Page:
Ending unannounced visits to taxpayers will increase confidence in IRS’s tax administration work and improve overall safety for taxpayers and IRS employees. Fraudsters bombarding taxpayers by mail, by phone, and in person increased confusion about home visits by revenue officers.
What taxpayers can expect:
- In place of the unannounced visits, revenue officers will instead contact taxpayers through an appointment letter, known as a 725-B, and schedule a meeting.
- Taxpayers whose cases are assigned to a revenue officer will now be able to schedule face-to-face meetings at a set place and time, allowing taxpayers to gather the necessary information and documents before the meeting to help reach resolution of their cases more quickly.
- The IRS is updating IRS.gov and internal guidance to conform to this policy.
There will still be extremely limited situations where unannounced visits will occur:
These rare instances include service of summonses and subpoenas; and sensitive enforcement activities involving seizure of assets, especially those at risk of being placed beyond the reach of the government.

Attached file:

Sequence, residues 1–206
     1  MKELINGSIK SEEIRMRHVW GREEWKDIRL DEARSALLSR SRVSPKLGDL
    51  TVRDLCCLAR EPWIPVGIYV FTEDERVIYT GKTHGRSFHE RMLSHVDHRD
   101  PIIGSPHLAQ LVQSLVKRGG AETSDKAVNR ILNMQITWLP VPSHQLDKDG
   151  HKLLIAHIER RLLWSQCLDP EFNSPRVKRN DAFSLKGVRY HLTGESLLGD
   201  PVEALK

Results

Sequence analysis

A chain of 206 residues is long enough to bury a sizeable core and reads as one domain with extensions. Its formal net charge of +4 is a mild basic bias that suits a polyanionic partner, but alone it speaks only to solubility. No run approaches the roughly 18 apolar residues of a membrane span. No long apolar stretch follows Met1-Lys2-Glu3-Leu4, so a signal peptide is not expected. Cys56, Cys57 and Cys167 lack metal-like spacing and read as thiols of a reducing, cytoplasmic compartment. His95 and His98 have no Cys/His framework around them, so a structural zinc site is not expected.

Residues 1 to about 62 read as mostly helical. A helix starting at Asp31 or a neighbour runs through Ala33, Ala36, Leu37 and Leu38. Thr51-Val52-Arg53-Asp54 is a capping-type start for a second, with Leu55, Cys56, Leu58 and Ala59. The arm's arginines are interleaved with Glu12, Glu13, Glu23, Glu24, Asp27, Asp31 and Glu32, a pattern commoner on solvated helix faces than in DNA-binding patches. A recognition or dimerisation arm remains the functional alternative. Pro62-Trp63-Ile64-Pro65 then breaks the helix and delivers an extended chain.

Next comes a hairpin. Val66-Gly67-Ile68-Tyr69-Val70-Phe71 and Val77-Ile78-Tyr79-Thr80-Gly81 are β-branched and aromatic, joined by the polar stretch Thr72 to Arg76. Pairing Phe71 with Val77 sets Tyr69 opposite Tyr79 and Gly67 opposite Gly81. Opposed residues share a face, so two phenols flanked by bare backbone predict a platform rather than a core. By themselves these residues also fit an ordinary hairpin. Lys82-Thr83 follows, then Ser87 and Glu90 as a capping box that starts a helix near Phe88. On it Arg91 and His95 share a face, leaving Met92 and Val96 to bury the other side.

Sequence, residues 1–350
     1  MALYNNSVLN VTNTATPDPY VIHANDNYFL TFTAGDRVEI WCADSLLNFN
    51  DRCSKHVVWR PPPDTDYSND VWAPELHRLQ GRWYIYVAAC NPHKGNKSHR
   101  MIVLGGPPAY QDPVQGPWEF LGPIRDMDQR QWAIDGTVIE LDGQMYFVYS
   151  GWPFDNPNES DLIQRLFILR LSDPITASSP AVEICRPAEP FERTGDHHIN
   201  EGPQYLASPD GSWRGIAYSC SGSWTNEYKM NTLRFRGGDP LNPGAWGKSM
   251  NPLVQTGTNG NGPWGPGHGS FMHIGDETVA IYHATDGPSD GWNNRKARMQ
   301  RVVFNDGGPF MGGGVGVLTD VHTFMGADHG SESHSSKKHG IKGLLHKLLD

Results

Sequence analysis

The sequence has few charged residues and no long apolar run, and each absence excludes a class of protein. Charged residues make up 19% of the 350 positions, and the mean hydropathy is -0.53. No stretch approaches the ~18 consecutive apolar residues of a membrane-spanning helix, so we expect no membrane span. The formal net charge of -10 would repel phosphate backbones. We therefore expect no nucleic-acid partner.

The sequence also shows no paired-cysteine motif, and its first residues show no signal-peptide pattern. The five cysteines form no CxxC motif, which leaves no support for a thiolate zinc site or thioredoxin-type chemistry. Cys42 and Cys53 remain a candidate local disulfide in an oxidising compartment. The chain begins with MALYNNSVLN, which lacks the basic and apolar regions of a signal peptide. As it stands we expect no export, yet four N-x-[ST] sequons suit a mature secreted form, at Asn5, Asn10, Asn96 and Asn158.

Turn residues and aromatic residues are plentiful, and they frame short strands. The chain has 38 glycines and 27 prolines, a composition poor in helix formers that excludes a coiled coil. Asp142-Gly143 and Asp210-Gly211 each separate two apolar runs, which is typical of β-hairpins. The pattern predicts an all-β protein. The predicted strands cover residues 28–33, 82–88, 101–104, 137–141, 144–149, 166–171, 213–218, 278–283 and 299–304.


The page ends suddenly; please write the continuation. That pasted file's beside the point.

Know how the IRS contacts taxpayers
The IRS will never contact taxpayers by text messages or social media to request personal or financial information. Under certain temporary policies, the IRS may correspond with taxpayers by email, but only after discussing such contact directly with the taxpayer and getting consent. For more details on these situations, taxpayers should visit IRS.gov/UsingEmail
Taxpayers can get answers to tax questions by:
- Using the Interactive Tax Assistant, which asks the taxpayer a series of questions and provides answers based on their input.
- Checking out Publication 17, Your Federal Income Tax (For Individuals), which covers a broad range of topics and updates on tax law changes.
- Visiting IRS.gov for info about what to do when a letter from the IRS arrives.
- Viewing Publication 5136, IRS Services Guide, for additional ways taxpayers and tax professionals can get help.